Marcel Duchamp would have liked the idea: two artists are offering user instructions to print in 3D and resin the Art Deco chess set he sculpted in 1918-1919 in Buenos Aires.
This prototype reaches well beyond the object (the chess pieces). The makers get to print them themselves. “Readymake: Duchamp Chess Set” was designed by two American coding artists, Scott Kildall and Bryan Cera, from a photograph of the wooden game designed by Marcel Duchamp in 1919 in Buenos Aires. The father of modern and contemporary art was also an avid chess player. He considered chess as a “drug”, took part in championships and even wrote a manual in 1932 (we recommend on Ubuweb “Chess game with Marcel Duchamp”, archive of the 1963 ORTF and these traces of the exhibition “Marcel Duchamp The Art of Chess”, in New York in 2009).
With “Readymake: Duchamp Chess Set”, Scott Kildall and Bryan Cera have been offering user instructions on Thingiverse (.stl files) since April to test Duchamp’s ready-made in the digital fabrication era: each 3D print gives a slightly different result, variations that also interest our two artists for whom the “readymake transforms photographs of lost objects in shared 3D digital spaces that generate new forms and significations”.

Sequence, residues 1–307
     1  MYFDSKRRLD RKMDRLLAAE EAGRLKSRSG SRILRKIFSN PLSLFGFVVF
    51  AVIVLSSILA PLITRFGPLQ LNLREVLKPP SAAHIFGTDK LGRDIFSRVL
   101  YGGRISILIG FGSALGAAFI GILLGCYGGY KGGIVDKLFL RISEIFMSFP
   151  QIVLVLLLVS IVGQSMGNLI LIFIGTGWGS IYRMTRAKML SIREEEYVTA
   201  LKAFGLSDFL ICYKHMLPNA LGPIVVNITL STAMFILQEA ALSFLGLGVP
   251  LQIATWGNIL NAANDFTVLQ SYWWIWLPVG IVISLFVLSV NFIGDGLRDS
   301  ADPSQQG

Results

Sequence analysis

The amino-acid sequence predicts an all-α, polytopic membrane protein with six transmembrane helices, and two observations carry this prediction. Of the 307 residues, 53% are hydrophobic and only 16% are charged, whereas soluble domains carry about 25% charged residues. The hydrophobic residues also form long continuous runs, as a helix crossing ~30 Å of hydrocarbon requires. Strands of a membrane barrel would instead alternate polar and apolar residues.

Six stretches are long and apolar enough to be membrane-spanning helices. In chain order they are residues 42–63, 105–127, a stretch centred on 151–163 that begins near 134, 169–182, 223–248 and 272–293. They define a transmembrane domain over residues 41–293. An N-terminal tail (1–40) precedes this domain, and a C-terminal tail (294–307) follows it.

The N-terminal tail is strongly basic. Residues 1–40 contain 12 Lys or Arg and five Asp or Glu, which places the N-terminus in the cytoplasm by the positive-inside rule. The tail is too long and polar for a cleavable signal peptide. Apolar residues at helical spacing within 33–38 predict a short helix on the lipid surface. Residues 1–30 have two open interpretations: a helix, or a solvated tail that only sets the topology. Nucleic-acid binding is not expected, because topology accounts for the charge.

In less than two months, nearly 2,000 internet users downloaded instructions on Thingiverse and about ten people posted their achievements, tested from other materials on other printers. Scott Kildall documented these different versions on his blog to highlight the extreme relevance of the Duchamp concept in the field of 3D printing. One has to say that the boy is a fan of the French artist. In 2012 he coded a program of chess game simulation in which you confronted Marcel Duchamp.
And since the creativity of makers is waiting to express itself, one of them has been offering for three days a remix of the Readymake with his version of another chess set from a famous artist, Man Ray.